The U.S. considers Iran a national security threat, and in Iran it's the mirror image. Many Iranians see the U.S. and Israel as a profound danger. In this project, veteran foreign correspondent Reese Erlich looks at the security issue as seen from Tehran in light of the recent nuclear agreement reached with the U.S.
Under the shah, Iran planned to build nuclear power plants, fearing that Iran's oil reserves would eventually dry up. Those plans ended with Iran's 1979 revolution, but were resurrected in recent years. What the West sees as nuclear bomb potential, Iran sees as energy self-sufficiency. Meanwhile, there's very little debate in Iran about the high costs and safety issues related to nuclear power.
The US has imposed stringent economic sanctions on Iran, but they have had little impact on the lifestyle of Iran's leaders. Meanwhile ordinary Iranians suffer due to lack of medicines, a falling currency and severe economic recession. Some of the economic problems flow directly from sanctions, others from Iranian mismanagement.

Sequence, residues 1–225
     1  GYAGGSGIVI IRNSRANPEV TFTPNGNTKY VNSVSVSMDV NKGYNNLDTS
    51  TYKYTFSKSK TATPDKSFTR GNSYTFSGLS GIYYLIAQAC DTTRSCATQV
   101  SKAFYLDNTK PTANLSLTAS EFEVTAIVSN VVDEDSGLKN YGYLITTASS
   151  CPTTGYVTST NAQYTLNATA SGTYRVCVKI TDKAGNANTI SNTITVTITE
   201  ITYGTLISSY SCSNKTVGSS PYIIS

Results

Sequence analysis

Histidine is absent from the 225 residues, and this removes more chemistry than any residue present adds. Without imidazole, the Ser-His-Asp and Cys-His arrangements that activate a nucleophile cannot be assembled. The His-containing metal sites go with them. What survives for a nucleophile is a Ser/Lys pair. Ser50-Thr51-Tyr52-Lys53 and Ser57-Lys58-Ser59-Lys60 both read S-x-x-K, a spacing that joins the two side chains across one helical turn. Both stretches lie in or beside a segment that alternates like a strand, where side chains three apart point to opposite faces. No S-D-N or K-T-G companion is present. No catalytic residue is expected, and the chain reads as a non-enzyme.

Visiting hospitals, the rich and working class neighborhoods of Tehran, and the famous Bazaar, Erlich presents the voices of ordinary Iranians. How do they assess the nuclear deal with the Obama Administration and what are their hopes for future US-Iran relations? Will the two countries find additional areas of cooperation or will hostilities transfer away from the nuclear issue towards regional conflict?